Mutational events along the human mtDNA phylogeny are traditionally identiﬁed relative to the revised Cambridge Reference Sequence, a contemporary European sequence published in 1981. This historical choice is a continuous source of inconsistencies, misinterpretations, and errors in medical, forensic, and population genetic studies. Here, after having reﬁned the human mtDNA phylogeny to an unprecedented level by adding information from 8,216 modern mitogenomes, we propose switching the reference to a Reconstructed Sapiens Reference Sequence, which was identiﬁed by considering all available mitogenomes from Homo neanderthalensis. This ''Copernican'' reassessment of the human mtDNA tree from its deepest root should resolve previous problems and will have a substantial practical and educational inﬂuence on the scientiﬁc and public perception of human evolution by clarifying the core principles of common ancestry for extant descendants.The full paper can be read here.
Many of the sequences that were used in this paper to refine the mtDNA tree were submitted by customers of Family Tree DNA (including me!) who had taken the full mitochondrial sequence test and made their results available for research purposes. Rebekah Canada and Bill Hurst, the volunteer administrators of the haplogroup H and K projects helped with the H and K results. The authors publicly acknowledge the contribution of the genetic genealogy community in their acknowledgements: "We thank the genealogical community for donating their privately obtained complete mtDNA sequences for scientiﬁc studies and FamilyTreeDNA for compiling the data. We thank FamilyTreeDNA for supporting the establishment of the herein released website. We thank Eileen Krauss-Murphy of FamilyTreeDNA for help with assembly of the database. We thank Rebekah Canada and William R. Hurst for help with the assembly of haplogroup H and K samples, respectively."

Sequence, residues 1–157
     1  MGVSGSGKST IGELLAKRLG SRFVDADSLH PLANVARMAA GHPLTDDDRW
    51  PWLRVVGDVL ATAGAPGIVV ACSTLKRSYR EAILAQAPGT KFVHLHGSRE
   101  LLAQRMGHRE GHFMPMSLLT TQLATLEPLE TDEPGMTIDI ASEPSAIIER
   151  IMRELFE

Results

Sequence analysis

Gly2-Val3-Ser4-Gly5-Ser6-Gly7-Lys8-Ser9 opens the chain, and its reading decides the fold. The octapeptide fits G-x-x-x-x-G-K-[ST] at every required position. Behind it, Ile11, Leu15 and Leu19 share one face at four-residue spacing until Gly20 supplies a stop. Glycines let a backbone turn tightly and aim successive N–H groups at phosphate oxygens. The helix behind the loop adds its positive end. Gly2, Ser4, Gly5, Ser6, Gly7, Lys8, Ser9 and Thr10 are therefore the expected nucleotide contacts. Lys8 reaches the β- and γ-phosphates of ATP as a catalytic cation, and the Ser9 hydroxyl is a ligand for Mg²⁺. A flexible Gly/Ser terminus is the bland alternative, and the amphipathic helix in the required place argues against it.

A new mtDNA community website has been launched to accompany the paper. Anyone with full mitochondrial sequence results can upload their results to this website and get an up-to-date haplogroup assignment.
The mtDNA tree can also by seen at Phylotree which has just released Build 14 to account for the big change. Mannis Van Oven, who maintains the Phylotree website, is one of the authors of the new paper. The 4,265 mtDNA full sequence results used for this new paper, including a substantial proportion from FTDNA customers, are being added to the GenBank research database. There are already 1,237 FTDNA customer-submitted results on GenBank. Private submissions from FTDNA customers will now constitute almost half of the mtDNA sequences on GenBank.
©2012 Debbie Kennett